Dynamic Investments (DIs) are a revolutionary investment type that did not exist before the publication of The Dynamic Investment Bible. This page presents a quick overview of how DIs work.

Finally, A "Dynamic" Investment to Cope with Dynamic Markets

The world of investing has been stuck crippled for far too long through the use of Modern Portfolio Theory (MPT) to design portfolios. MPT was introduced to the investing world in 1952 when markets were a far different place. Since then market dynamics have changed dramatically while MPT methods have barely changed at all. It time for investing to evolve along with the markets. This evolution comes in the form of NAOI Dynamic Investments that periodically and automatically change the equities they hold to take advantage of market movements.

Dynamic Investment Components

Key to the effectiveness of DIs is that they are designed to constantly monitor market trends and automatically make changes to take advantage of them. To do this, DIs are designed to contain the following components. 

Here is a description of each component

  • Dynamic ETF Pool (DEP) - Dynamic Investments work with Exchange Traded Funds (ETFs) as their primary investment type. The DEP contains a list of ETF "candidates" for ownership by the DI. When a DI samples the market during a periodic review, it ranks this list and buys only the ETF that is trending up in price most strongly at the time. Typically the DEP will hold a diversified set of ETFs and it can hold from as few as two ETF purchase candidates to over a dozen, at the discretion of the designer.
     
  • Review Period - Each DI reviews the market on a periodic basis to determine which ETF in the DEP to purchase and hold until the next review. The DI designer defines the length of time between these reviews. Typically the Review Period is either monthly or quarterly. In the above illustration the Review Period is Quarterly. The ETF selected at Review time is bought and held until the next Review at which time the DEP is again ranked. If the ETF currently held is the "winner" again, then no trade is needed. If another ETF in the DEP is moving up more strongly, the currently held ETF is sold and replaced with the new top-ranked ETF in the DEP.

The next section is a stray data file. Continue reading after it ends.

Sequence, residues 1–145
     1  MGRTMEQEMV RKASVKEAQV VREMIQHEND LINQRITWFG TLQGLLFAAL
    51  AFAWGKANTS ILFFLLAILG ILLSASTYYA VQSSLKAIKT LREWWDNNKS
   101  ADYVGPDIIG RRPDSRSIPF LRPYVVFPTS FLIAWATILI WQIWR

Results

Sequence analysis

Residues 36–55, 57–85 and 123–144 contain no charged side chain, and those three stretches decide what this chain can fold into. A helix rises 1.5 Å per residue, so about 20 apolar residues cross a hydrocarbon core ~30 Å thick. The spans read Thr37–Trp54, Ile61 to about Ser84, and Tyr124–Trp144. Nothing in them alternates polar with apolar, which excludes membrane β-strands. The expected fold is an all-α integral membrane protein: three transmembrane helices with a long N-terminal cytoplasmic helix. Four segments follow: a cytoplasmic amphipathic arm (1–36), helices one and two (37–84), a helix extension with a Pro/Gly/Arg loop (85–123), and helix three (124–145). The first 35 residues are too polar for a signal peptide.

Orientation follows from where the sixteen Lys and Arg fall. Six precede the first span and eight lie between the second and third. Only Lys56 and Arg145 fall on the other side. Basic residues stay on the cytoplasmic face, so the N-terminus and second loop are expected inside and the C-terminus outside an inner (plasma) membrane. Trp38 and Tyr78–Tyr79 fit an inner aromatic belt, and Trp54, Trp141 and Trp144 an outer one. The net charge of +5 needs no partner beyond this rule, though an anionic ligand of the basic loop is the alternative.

• Trade Signal - At Review time the ETFs in the DEP are ranked using a price chart trend-indicator. The indicator used by the NAOI to design its "Basic" DIs can be found in The Dynamic Investment Bible. However, the indicator used is at the discretion of a designer. The top-ranked ETF according to this signal is bought and held until the next Review. Note that the use of an objective price indicator to signal trades takes human subjective judgments out of the equation and along with them much of what is wrong with the way we invest today. Another benefit of this ongoing management process is that it can easily be automated - taking human error completely out of the equation.
     
  • One Other Component - There is one other simple component that optimizes the performance of Dynamic Investments. It is discussed in The Dynamic Investment Bible and as a part of our Consulting Services.

These elements of a DI make the investment "dynamic" and responsive to market changes. DIs can accurately be described a "time diversified" investment - a factor that not only adds another risk-reduction factor to an investment but also a return-enhancing factor. MPT portfolios are NOT time-diversified and their performance suffers greatly because of it.

A Comprehensive Investment Type

Unlike traditional MPT portfolios, Dynamic Investments are "comprehensive" investments. This means that each DI not only specifies the equities/ETFs that it will work with - they are in the DEP - but also exactly how the DI is to be managed and trades made on an ongoing basis. Management rules are specified by the Review Period and the Trade Signal design components of the DI.

MPT portfolios are NOT comprehensive investments. They do not tell an investor how to manage the equities they buy other than to simply buy and hold until an advisor gets around to suggesting a change, an action that often never happens. The lack of firm portfolio management rules is a disaster in today's dynamic markets. Because DI management is based solely on intelligence designed into the investment, this remarkable investment type frees individuals from dependence on financial advisors and their recommendations. DIs can be bought "off-the-shelf" and finally the world of investing is "productized." This is a huge evolutionary step and one long past due.